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Restaurants & Bars 5

Noir: Grace and Goodness

Will Owen | Sep 30, 200902:43 PM

You walk into a place for the first time, and though the room is small it's comfortable, and its occupants clearly enjoying themselves. An older man in casual street clothes, the owner, sees you and, as everyone else is busy, comes over to offer you a table. The menu is charming and varied, with many unusual and intriguing items, all well-priced; the many wines by the glass follow the same pattern. Your waiter is friendly and attentive, but if he's occupied and you need something the nearest staffer politely volunteers to provide it; at one point it's the chef himself who sees your searching look and comes over to ask what you need. "We'd like the bread-basket replenished," you say. He smiles and says, "Oh, I think I know how to cut bread!" and takes the basket away...

Noir is an establishment utterly comfortable in its own skin. No towering egos, no showy drama, no prima donnas, no wobbly amateur-night missteps. That it's like this AND almost brand-new is astounding, and it can be so only because it was conceived, executed and staffed by solid, honest professionals. Mrs. O, her Maman and I came by after a movie last night, expecting a pleasant experience because of the uniformly fine reviews. We got that and more: besides two little plates and a charcuterie platter, all splendid, plus excellent bread and exactly the wines we were in the mood for, we took a ride in the most finely crafted, well-oiled culinary machine I can remember experiencing anywhere.

Wine was a Red Tree pinot noir, the least expensive of those at $7, but limpid, bright and lovely, plus glasses of Prosecco for mom and daughter, who'd never had it before but found it perfect. Since we all wanted just a very light supper, instead of getting several plates to share we simply ordered what each of us wanted to eat: Maman asked for the shrimp remoulade, Mrs. O the charcuterie plate, I the two lamb chops with a harissa sauce and mushrooms; we also asked for bread, and a bowl of the pommes frites for the table. The bread, as we had hoped, was baguette from Europane down the street. Maman was very quiet for a while and then the shrimp were gone and she was smiling, so I assume those were satisfactory. My chops were two riblets, quite rare but with a good seared crust, making them juicy and savory instead of flabby as rare lamb can be; the mushrooms were an added delight, and the sauce even better mopped up with bread. Mrs. O did share her platter, which included some prosciutto, Spanish-style chorizo, dry salame and what-d'ya-call the dried salt beef, plus some nuts, whole-grain mustard and a bit of what seemed to be a sort of orange marmalade. All of this made for the best kind of end-of-meal snackage, with bread and butter being wielded around the table to dip into this and that. The only questionable item was the bowl of frites. They were quite tasty, cut in very fine julienne and with a nice spicy seasoning, but no attempt had been made to make them crisp. They were fully cooked, but rather soft and floppy, like lengths of strangely tender waxed shoe-string. They're just $6 for a generous bowl, so if you're curious by all means try them. I'm a French Fry Agnostic myself, and I thought they were okay... they also come with a shallow compartmented ceramic dish offering three different dipping sauces, one of which is catsup. See? No big egos...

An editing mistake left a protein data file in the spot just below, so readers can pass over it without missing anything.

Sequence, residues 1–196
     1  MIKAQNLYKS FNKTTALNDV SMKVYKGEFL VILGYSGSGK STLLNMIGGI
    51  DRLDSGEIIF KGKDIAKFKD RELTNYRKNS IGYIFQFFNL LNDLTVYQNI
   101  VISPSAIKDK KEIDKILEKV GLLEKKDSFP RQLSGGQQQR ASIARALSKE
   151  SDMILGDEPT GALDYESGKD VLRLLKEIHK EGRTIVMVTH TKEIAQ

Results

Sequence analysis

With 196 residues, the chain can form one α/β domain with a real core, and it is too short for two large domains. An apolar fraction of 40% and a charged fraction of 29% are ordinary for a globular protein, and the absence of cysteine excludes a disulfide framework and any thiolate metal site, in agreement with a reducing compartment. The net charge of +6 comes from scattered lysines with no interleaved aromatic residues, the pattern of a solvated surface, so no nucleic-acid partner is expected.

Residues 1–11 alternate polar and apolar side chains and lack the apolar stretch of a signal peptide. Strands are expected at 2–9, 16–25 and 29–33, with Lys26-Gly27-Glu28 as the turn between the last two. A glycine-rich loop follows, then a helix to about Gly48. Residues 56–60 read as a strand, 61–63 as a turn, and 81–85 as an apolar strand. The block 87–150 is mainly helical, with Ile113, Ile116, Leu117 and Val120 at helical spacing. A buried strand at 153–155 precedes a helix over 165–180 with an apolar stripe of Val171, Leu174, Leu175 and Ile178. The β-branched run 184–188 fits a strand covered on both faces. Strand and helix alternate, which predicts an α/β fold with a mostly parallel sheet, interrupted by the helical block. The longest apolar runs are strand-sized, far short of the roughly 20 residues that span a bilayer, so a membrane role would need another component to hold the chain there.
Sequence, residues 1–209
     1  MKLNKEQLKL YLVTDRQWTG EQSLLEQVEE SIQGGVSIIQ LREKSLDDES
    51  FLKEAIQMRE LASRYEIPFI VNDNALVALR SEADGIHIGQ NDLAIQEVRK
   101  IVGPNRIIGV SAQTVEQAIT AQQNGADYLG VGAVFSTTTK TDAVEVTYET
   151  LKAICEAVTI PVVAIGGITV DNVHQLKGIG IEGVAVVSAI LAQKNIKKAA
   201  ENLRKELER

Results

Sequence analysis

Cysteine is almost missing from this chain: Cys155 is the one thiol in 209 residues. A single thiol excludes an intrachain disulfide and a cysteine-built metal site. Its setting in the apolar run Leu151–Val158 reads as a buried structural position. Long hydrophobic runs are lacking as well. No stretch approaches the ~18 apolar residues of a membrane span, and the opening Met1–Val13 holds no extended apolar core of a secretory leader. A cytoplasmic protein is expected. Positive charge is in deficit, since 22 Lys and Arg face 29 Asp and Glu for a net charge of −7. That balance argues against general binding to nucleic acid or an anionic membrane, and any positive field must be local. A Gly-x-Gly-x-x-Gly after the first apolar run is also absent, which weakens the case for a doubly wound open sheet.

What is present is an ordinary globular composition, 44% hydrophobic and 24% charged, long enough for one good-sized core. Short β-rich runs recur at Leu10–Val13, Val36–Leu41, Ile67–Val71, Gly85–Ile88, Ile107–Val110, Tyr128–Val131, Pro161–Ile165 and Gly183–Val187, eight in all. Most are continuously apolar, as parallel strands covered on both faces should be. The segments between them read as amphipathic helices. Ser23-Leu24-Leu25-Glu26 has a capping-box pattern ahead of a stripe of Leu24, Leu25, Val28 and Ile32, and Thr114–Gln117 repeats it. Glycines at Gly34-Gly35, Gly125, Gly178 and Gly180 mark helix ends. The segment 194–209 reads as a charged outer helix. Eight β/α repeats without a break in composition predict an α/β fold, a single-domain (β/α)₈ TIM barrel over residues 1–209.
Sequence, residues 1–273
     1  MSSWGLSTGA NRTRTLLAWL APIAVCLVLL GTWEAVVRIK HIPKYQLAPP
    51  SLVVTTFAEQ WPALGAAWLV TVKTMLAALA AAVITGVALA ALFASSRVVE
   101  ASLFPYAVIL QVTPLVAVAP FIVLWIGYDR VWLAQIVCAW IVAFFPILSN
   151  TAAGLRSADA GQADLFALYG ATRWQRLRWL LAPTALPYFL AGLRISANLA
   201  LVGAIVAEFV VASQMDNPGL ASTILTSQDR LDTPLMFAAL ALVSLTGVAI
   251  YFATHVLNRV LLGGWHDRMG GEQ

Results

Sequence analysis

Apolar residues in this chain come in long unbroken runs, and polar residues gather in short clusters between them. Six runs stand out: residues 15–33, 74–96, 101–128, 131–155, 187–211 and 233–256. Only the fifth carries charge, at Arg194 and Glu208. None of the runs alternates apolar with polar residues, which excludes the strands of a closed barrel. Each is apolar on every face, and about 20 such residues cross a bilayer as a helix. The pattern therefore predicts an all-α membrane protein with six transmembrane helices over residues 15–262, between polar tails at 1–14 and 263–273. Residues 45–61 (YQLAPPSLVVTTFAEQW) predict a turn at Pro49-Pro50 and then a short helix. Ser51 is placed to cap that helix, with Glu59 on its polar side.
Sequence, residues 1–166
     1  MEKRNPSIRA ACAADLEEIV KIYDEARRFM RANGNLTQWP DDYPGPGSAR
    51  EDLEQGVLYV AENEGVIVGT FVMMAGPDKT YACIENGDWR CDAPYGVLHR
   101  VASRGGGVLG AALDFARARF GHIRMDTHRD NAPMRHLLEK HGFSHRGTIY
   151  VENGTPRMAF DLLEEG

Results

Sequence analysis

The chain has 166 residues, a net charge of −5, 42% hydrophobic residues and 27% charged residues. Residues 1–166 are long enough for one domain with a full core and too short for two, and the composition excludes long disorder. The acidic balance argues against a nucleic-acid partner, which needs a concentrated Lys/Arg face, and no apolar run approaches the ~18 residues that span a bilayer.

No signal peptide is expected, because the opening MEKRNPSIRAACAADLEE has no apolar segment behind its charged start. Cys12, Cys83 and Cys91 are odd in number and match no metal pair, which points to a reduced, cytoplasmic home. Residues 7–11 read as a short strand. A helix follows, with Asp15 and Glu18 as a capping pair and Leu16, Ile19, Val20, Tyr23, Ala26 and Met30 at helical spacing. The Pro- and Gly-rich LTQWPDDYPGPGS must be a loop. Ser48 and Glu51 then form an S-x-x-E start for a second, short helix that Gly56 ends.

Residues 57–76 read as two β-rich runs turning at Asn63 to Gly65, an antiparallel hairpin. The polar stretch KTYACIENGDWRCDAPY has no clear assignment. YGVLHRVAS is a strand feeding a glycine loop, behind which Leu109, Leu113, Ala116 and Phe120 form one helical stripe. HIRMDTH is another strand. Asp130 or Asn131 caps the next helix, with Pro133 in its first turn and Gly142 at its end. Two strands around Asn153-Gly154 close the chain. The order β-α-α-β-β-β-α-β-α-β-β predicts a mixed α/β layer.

Any gripes at all? Only the usual, that too many of the customers think that bellowing is an acceptable indoor conversational mode. This seems to be an American affliction, and a fairly recent one, since I was certainly never allowed to use my outdoor voice in a restaurant, nor do I recall any other person's doing so without attracting the disapproving attention of everyone else. Maybe it was different in the Midwest...

The business end of this little feast was a tab for $67.50 + tax = $73.53, to which we added our usual 20% plus a smidge. When they split the bill for us kids (we were treating Maman) they rounded it DOWN to $73.52, a small thing but saying much about their institutional attitude. So: they're just down the street, they're open until 11PM, they have umpty-'leven more things on the menu we want to try (not to mention a few hundred wines) and they're a totally class act. See ya there.

Noir Food and Wine
40 N Mentor Ave, Pasadena
(626) 795-7199


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